Outcomes of CI were shown to vary among the postlingual hearing loss patients (Fig. 4). With regard to the distribution patterns of the Japanese monosyllable and word perception test results, the CI outcomes showed a multipeaked distribution (Fig. 5). No statistically significant differences were observed between the group with specific gene mutations and the other etiology group. A comparison of the good outcome group and the moderate-poor outcome group (with the borderline set at 40% for the Japanese monosyllable perception test and at 60% for the Japanese word perception test) revealed that 1) the good outcome group was significantly younger (mean age = 52.79 for monosyllable test, 54.23 for word test) than the moderate-poor outcome group (mean age = 66.88 for monosyllable test, 64.85 for word test), and 2) there were significant differences in etiology; i.e., 40% for monosyllable test and 43% for word test of the good outcome patients were found to have specific gene mutations whereas only 27% for monosyllable test and 23 % for word test of the poorer outcome group had the same specific gene mutations (Table 1).
Because of the extreme genetic heterogeneity of deafness, beyond screening for common genes such as GJB2, it has been difficult to identify the responsible gene in individual CI/EAS patients, especially in a clinical setting. However, recent advances in NGS may afford a breakthrough as targeted exon-sequencing of selected deafness genes using MPS technology has enabled the successful identification of causative mutations in relatively rare genes. In fact, the current series using MPS successfully discovered rare causative genes among the enrolled CI/EAS patients. These genes have not usually been screened and, therefore, mutations in these genes have not been clinically diagnosed using a conventional approach. MPS, however, has the potential to identify such rare genes/mutations.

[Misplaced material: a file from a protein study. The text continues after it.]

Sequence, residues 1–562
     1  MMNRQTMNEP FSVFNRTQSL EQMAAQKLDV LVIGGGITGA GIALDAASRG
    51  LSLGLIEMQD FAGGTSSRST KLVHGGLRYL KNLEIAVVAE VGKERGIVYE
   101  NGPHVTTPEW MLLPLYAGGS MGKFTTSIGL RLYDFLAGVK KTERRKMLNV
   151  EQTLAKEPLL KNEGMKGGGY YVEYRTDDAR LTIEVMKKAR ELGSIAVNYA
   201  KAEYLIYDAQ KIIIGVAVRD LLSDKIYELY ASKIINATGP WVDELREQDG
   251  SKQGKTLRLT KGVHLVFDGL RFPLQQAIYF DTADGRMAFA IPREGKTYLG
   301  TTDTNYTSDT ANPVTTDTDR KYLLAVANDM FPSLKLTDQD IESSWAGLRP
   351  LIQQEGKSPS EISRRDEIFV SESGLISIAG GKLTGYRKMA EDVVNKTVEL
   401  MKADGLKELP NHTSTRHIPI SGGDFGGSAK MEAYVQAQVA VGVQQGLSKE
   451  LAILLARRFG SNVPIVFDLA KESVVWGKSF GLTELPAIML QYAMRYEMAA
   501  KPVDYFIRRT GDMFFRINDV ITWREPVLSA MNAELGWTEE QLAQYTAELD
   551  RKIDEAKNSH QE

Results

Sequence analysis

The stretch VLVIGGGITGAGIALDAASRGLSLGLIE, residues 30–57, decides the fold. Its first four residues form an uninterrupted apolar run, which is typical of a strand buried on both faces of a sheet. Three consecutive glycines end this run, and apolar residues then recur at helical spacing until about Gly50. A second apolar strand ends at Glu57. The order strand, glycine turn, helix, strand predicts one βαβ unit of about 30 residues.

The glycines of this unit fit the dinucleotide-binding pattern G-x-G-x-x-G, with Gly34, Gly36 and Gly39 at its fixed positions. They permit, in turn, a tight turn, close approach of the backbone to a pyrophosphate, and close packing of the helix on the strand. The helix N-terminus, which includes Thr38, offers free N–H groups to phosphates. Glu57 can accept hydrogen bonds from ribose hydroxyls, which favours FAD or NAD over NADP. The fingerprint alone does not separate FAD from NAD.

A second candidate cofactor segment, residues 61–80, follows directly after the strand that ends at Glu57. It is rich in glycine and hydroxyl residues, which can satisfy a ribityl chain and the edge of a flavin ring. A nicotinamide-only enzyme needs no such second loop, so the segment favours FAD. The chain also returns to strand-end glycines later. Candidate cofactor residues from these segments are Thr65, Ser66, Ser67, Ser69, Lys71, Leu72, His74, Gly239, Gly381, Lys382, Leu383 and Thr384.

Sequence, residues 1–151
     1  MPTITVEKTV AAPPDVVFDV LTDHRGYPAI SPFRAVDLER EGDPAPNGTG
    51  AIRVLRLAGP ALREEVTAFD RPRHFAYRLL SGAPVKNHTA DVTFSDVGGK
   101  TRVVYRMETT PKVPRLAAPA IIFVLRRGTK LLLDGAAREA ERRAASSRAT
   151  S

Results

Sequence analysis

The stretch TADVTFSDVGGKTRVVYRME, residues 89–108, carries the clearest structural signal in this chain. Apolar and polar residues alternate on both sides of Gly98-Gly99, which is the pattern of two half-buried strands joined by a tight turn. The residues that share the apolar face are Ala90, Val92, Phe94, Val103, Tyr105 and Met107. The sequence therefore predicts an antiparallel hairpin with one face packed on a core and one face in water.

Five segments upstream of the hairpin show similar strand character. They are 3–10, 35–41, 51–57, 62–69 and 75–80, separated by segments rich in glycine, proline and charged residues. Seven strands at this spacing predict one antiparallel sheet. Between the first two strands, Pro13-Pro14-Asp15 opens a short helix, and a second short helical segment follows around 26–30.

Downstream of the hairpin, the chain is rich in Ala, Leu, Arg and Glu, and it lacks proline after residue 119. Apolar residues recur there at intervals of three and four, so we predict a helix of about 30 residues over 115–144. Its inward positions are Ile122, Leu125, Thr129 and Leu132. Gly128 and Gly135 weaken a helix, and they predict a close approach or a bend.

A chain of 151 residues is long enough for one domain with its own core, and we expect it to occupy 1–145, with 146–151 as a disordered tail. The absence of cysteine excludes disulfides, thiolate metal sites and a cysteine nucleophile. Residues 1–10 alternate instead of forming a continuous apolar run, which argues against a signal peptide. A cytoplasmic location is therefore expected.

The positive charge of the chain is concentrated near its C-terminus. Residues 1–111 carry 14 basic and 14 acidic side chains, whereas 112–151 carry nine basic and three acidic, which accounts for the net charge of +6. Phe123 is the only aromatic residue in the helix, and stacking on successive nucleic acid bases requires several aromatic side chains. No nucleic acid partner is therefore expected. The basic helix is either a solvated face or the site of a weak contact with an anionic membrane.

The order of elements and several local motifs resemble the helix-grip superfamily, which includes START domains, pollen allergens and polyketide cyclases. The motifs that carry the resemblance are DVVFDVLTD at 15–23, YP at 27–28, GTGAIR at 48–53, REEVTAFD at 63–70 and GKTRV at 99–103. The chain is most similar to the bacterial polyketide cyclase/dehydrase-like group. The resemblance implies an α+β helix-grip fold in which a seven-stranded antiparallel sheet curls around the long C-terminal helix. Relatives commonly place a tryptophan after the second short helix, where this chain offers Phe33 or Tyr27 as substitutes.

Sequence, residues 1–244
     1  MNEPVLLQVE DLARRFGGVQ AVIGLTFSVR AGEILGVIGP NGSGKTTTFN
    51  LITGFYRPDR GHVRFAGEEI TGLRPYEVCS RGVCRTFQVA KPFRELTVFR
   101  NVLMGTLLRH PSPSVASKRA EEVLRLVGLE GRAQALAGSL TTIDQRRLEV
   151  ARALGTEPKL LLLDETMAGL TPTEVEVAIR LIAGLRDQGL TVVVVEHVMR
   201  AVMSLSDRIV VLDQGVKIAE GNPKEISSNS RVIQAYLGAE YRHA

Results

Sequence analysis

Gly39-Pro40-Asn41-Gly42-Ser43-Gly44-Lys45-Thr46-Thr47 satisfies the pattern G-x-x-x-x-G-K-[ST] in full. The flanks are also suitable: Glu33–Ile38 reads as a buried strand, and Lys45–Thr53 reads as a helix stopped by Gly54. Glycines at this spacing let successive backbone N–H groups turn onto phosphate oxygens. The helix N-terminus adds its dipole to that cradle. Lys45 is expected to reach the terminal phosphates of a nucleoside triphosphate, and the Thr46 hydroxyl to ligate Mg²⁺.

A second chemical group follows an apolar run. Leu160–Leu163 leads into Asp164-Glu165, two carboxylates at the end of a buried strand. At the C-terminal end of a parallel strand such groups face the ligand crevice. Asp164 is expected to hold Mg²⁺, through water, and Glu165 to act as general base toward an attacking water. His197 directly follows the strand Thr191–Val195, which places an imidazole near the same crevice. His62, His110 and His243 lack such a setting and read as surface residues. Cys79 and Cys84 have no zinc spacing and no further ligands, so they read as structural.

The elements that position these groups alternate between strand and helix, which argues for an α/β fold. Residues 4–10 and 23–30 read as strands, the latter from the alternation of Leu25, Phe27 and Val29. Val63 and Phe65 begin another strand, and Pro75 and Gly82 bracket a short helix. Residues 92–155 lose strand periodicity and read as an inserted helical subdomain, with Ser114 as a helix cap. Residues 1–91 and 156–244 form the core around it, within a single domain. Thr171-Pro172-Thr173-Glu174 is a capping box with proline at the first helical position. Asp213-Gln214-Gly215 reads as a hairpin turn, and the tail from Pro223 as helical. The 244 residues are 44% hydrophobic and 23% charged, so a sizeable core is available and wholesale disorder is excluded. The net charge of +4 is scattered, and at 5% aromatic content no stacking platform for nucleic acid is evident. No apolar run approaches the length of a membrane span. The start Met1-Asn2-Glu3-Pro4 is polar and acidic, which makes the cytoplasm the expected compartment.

Two previous studies have described the genetic backgrounds of cochlear implant patients, although both studies used selected samples (25,26). A definitive genetic diagnosis was made in 20.6% (37/180) of CI children by the screening of four common deafness-associated genes, GJB2, SLC26A4, the mitochondrial 12S rRNA gene, and OTOF (Wu et al. (25)). More recently, using targeted resequencing of 204 candidate deafness genes and a phenotype-driven candidate gene approach, causative variants were found in 54.8% (51/93) of cochlear implantees (Park et al. (26)). Both studies suggested that genetic causes account for an important proportion of CI patients. The present study is the first to clarify the genetic epidemiology in a more comprehensive way using 1) a consecutive (nonbiased) large cohort of samples, 2) both pre- and postlingual patients, and 3) an updated genetic screening system (Invader assay followed by MPS-based screening).
In this study, two-step genetic screening (Invader assay followed by MPS-based screening) successfully identified causative mutations in 59.8% of congenital hearing loss patients, and 35.8% of postlingual hearing loss patients with cochlear implantation. For the prelingual CI/EAS patient group, in particular, genetic screening together with additional imaging examination, cCMV screening, and pediatric examination was able to detect successfully the etiology of deafness in 85% of the patients. The present high diagnostic rate is expected to have a great impact, with such epidemiological data being essential for decision making with regard to the decision to implement CI/EAS, the prediction of outcomes, and the provision of appropriate future intervention.